Just Stop It! The Domain Model Is Not The Persistence Model

By Mike on 7 April 2012

I think 90% of times I see a DDD question on StackOverflow, it's something like this: 'I have this domain object' and the code shows an EF (Entity Framework) or NH (NHibernate) entity.

NO! This is WRONG (99% of times anyway)!

I've said it before and I repeat it:

  • The Domain Model models real-life problems and solutions, it models BEHAVIOR.
  • The Persistence Model models what and how data is stored, it models STORAGE STRUCTURE.

See? They have pretty different  purposes. The domain is the reason the application exists and everything gravitates around it. The domain should not depend on anything,especially not on a persistence IMPLEMENTATION DETAIL like EF or NH. When you design the Domain Entities, they don't know anything about persistence. Persistence, database, doesn't exist.

When you design the Persistence Layer, that layer serves the Domain and depends on it. So the persistence needs to know about the domain but not vice-versa. You design the persistence entities for storage purposes and to match the ORM's constraints (like making all the properties virtual). So you'll have Domain Entities and Persistence Entities, each with their own different purposes and implementations.

Yes, they do resemble and sometimes can be identical (when the domain is very simple) but that's nothing more than a mere coincidence. Every time you're modeling something in a repository or using an ORM , you are modelling the persistence NOT the domain. There is a reason Eric Evans recommends to start the app with the domain and to IGNORE anything db related: the Domain should not be tainted with infrastructure details, because most of the people start everything with a database centric approach. And once you start with the db, everything will evolve around it and will be constrained by it. But you don't build the application for the database, you build it for the Domain, the database is just a Persistence implementation detail.

In conclusion, repeat after me: the Domain Model is NOT the same as the Persistence Model. Each serve a different layer with different responsibilities.

Comments (9) -

pebrian27
pebrian27
11 August 2012 #

People probably just want to avoid duplication. There is already domain model, persistence model and commands or DTO. Also, if you look into the code sample jointly developed with Eric Evans, it persists the domain model itself because NHibernate can access private members and doesn't require a public parameter-less constructor.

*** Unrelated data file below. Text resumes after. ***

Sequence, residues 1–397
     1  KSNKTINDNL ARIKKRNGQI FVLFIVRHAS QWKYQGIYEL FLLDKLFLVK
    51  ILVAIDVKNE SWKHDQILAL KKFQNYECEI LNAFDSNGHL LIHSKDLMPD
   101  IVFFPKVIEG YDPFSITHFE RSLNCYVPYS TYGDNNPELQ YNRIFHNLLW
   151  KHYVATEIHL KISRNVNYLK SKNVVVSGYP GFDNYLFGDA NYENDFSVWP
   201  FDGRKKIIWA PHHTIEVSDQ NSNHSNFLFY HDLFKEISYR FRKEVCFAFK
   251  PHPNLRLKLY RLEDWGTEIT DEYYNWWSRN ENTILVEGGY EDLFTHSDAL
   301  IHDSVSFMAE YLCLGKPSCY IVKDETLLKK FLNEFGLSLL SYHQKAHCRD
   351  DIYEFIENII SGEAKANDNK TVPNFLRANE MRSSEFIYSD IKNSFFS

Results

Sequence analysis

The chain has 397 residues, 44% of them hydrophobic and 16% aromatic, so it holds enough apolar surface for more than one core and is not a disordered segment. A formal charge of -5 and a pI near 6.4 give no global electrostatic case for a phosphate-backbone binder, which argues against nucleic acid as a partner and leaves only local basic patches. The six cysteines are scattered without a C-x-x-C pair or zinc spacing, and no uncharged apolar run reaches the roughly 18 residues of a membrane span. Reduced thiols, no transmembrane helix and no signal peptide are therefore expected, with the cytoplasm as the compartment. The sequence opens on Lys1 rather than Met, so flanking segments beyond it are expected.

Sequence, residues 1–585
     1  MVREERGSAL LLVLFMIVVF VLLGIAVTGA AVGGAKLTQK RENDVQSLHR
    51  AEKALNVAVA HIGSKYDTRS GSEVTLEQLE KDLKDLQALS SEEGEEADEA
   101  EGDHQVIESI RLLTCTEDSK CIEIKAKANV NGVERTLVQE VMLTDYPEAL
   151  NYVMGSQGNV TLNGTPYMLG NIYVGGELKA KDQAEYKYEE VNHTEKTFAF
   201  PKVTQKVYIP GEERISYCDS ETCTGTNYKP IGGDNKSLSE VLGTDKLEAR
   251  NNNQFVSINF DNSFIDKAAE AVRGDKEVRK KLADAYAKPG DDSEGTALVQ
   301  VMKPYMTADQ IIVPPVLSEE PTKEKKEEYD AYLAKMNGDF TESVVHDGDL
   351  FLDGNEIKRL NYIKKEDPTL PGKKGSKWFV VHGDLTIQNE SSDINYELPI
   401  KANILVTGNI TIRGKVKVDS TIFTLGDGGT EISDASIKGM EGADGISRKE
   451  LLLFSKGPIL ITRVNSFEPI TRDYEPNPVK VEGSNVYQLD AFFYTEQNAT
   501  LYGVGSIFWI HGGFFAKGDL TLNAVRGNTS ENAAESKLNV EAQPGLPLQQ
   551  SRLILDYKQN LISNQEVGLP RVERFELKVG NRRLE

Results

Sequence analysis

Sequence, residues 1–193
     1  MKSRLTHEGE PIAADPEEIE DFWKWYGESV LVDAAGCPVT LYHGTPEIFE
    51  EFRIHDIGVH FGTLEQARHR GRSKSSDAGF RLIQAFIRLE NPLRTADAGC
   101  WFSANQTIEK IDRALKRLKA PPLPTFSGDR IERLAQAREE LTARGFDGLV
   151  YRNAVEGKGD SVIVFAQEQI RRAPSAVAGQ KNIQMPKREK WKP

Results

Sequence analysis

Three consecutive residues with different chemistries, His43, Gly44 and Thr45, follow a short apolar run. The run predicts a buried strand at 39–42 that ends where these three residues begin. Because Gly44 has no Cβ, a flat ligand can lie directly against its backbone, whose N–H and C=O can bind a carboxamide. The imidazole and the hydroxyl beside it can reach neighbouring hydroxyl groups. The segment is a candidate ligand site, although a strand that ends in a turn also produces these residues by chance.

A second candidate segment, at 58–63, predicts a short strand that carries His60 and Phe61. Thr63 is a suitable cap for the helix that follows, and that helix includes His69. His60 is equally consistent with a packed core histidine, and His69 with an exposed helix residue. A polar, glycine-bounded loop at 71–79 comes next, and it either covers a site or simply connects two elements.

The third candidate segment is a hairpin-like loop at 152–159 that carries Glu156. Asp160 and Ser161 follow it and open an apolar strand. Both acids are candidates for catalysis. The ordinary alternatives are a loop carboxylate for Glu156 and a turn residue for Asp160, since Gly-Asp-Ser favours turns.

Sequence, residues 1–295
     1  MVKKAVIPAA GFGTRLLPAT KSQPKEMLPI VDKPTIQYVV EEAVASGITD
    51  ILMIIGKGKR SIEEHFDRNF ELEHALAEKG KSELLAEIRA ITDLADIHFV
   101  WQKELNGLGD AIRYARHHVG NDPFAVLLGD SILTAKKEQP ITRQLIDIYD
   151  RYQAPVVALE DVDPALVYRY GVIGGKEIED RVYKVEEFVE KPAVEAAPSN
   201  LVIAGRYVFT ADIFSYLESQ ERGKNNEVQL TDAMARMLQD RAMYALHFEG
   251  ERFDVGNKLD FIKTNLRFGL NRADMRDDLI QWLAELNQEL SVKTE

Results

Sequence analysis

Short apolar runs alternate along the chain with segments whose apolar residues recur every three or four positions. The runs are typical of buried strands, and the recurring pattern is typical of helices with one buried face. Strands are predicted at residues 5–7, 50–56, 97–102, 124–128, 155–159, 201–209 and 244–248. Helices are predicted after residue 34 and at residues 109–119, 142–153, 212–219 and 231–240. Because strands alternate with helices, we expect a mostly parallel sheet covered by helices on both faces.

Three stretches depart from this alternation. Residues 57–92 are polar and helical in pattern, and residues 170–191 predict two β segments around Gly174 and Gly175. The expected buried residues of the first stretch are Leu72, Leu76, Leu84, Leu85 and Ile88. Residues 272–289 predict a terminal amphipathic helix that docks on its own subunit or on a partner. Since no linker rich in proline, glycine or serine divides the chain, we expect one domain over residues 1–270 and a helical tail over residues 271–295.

http://www.domaindrivendesign.org/examples

This of course isn't applicable to all cases. It's much worst when you use Entity Framework since it requires public properties and a public parameter-less constructor.

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pebrian27
pebrian27
11 August 2012 #

By the way, you can also extend NHibernate to map 1 or more columns to a custom object (you can even use a factory pattern to create the object) unlike entity framework.

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Grzegorz
Grzegorz
18 July 2013 #

Thank you sir. You depicted something I was struggling with for several days - how to isolate entities from the database. Entities are no longer associated with the database then Smile

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qwertyer
qwertyer
14 December 2013 #

Thank you sir. You depicted something I was struggling with for several days - how to isolate entities from the database. Entities are no longer associated with the database then

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andrew
andrew
21 December 2013 #

If we separate domain models from persistence models, then how can we create specifications for domain models so that put them as repository argument. How repository can use EF or NH along with specification for domain model?

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Admin
Admin
21 December 2013 #

You create a criteria object that can be used by the repository to create the proper query.

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andrew
andrew
22 December 2013 #

I asked in details the same question in stackoverflow

stackoverflow.com/.../how-to-build-ef-query-expression-for-persistence-model-using-specification-for-d

it is not clear enough how avoid DRY principle when build query expression for EF in repository?
can you show some source code here please ))))

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andrew
andrew
22 December 2013 #

sorry, keep DRY principle )))

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Admin
Admin
23 December 2013 #

It's not a DRY violation, I'll write a post soon about DRY.

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